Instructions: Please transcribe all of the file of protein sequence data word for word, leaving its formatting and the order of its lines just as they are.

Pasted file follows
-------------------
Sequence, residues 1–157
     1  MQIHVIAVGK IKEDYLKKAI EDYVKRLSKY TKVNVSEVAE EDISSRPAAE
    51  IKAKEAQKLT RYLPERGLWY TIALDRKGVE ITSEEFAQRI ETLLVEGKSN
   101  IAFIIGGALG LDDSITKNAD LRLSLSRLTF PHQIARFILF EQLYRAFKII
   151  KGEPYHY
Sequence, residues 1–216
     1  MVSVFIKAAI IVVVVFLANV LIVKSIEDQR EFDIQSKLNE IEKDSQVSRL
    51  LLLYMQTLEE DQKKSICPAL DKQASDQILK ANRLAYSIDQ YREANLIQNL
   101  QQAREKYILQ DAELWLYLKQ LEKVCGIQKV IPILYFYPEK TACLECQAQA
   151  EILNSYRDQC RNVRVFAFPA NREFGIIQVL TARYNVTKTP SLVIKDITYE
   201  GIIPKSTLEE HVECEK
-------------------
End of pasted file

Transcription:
Sequence, residues 1–157
     1  MQIHVIAVGK IKEDYLKKAI EDYVKRLSKY TKVNVSEVAE EDISSRPAAE
    51  IKAKEAQKLT RYLPERGLWY TIALDRKGVE ITSEEFAQRI ETLLVEGKSN
   101  IAFIIGGALG LDDSITKNAD LRLSLSRLTF PHQIARFILF EQLYRAFKII
   151  KGEPYHY
Sequence, residues 1–216
     1  MVSVFIKAAI IVVVVFLANV LIVKSIEDQR EFDIQSKLNE IEKDSQVSRL
    51  LLLYMQTLEE DQKKSICPAL DKQASDQILK ANRLAYSIDQ YREANLIQNL
   101  QQAREKYILQ DAELWLYLKQ LEKVCGIQKV IPILYFYPEK TACLECQAQA
   151  EILNSYRDQC RNVRVFAFPA NREFGIIQVL TARYNVTKTP SLVIKDITYE
   201  GIIPKSTLEE HVECEK